CHRISTIAN MENDEZ / Coachella Unincorporated
COACHELLA — A small crowd gathered as Alma Ochoa took the stage to perform a monologue about being Purépecha in the eastern Coachella Valley.
“Remember something ancient; create something new,” Ochoa said. “Here we are.”
Ochoa was one of more than ten artists who participated in East Valley Voices OUT LOUD, an event meant to highlight storytelling and arts from the east valley.
“The monologue speaks of the eastern Coachella Valley, and how most of our parents are field workers, and I just want to share that with the community.” Ochoa said. “Many of us still carry our [Purepecha] culture and heritage. We still speak our indigenous language.”
The event was hosted by the Crisálida Community Arts Project, an art program focused on promoting art in the east valley through workshops, classes, and performances.
“East Valley Voices OUT LOUD grew organically over the past twelve months as writers, actors, musicians, poets and others approached me about how they might connect to the Crisalida Community Arts Project,” said Crisálida program director David Gonzalez.
Besides the local poets, musicians and playwrights who performed at the nighttime event, participants in the No Solo Del Pan Vive El Humano poetry workshops held in North Shore also participated in the event by sharing some of the poetry that they developed during their five-week course.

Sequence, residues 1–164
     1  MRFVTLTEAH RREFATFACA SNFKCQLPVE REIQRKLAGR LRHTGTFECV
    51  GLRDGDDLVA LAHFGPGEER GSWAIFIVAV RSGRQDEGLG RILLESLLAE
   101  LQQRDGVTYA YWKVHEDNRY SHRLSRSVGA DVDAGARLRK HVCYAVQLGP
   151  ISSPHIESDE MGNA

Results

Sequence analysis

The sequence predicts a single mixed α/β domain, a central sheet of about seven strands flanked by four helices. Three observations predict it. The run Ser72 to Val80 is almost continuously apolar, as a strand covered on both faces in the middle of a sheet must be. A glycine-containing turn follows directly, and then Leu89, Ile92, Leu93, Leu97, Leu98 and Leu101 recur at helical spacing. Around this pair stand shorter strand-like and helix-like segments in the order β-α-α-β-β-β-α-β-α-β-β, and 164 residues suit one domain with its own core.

One local poet, Francisco Rodriguez, shared an original poem he wrote about historic east valley community organizer Leonardo Espinoza.
“The central emotion of it is that we are all normal individuals,” he said. “People might say that there is nothing special about us, but that is the thing that makes us special. We have emotions, we have thoughts, we have feelings, we are our own world. Being able to make a poem about a world and a man is just beautiful.”
Gonzalez said one of his favorite moments of the event was hearing Rodriguez’s poem because it brought together a young poet and the well-known organizer.
“This kind of inter-generational connection is thrilling,” said Gonzalez. “I hope we can continue to do a lot more.”
The Crisálida event also served as an official launch party for the program’s new mobile art van, which will be hosting art shows and workshops throughout the area.
Local artist Aurturo Castellenos Jr. said he thinks the van will provide a much-needed place for local youth to create art.
“I like how [the program] emphasizes the east valley voices,” said Castellanos. “Usually, all the attention is placed on the east valley because of the Salton Sea, but I think art is just as important as infrastructure for the east valley.”
Gonzalez said the OUT LOUD event was the first of many he hopes to organize for local artists.
“The event was a blast, beyond my wildest dreams,” said Gonzalez. “OUT LOUD was such a success we are already planning more.”
To stay updated on upcoming Crisálida projects and events, visit the Crisálida Arts Project blog, crisalida-arts.blogspot.com.